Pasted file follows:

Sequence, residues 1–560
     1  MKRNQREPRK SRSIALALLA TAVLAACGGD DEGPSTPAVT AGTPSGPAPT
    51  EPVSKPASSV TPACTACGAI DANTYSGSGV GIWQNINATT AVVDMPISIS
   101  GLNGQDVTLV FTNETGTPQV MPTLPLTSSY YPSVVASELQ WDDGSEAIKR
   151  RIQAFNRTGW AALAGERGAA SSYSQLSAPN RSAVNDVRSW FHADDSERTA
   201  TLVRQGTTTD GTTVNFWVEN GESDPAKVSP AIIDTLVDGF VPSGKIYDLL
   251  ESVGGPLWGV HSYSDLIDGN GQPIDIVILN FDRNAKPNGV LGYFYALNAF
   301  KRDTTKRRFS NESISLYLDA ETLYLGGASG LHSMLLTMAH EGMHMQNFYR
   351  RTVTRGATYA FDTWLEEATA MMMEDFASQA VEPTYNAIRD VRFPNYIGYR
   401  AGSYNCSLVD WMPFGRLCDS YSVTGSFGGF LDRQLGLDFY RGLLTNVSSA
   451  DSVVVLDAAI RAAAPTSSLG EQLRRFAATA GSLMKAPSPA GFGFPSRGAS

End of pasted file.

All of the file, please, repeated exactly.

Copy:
Sequence, residues 1–560
     1  MKRNQREPRK SRSIALALLA TAVLAACGGD DEGPSTPAVT AGTPSGPAPT
    51  EPVSKPASSV TPACTACGAI DANTYSGSGV GIWQNINATT AVVDMPISIS
   101  GLNGQDVTLV FTNETGTPQV MPTLPLTSSY YPSVVASELQ WDDGSEAIKR
   151  RIQAFNRTGW AALAGERGAA SSYSQLSAPN RSAVNDVRSW FHADDSERTA
   201  TLVRQGTTTD GTTVNFWVEN GESDPAKVSP AIIDTLVDGF VPSGKIYDLL
   251  ESVGGPLWGV HSYSDLIDGN GQPIDIVILN FDRNAKPNGV LGYFYALNAF
   301  KRDTTKRRFS NESISLYLDA ETLYLGGASG LHSMLLTMAH EGMHMQNFYR
   351  RTVTRGATYA FDTWLEEATA MMMEDFASQA VEPTYNAIRD VRFPNYIGYR
   401  AGSYNCSLVD WMPFGRLCDS YSVTGSFGGF LDRQLGLDFY RGLLTNVSSA
   451  DSVVVLDAAI RAAAPTSSLG EQLRRFAATA GSLMKAPSPA GFGFPSRGAS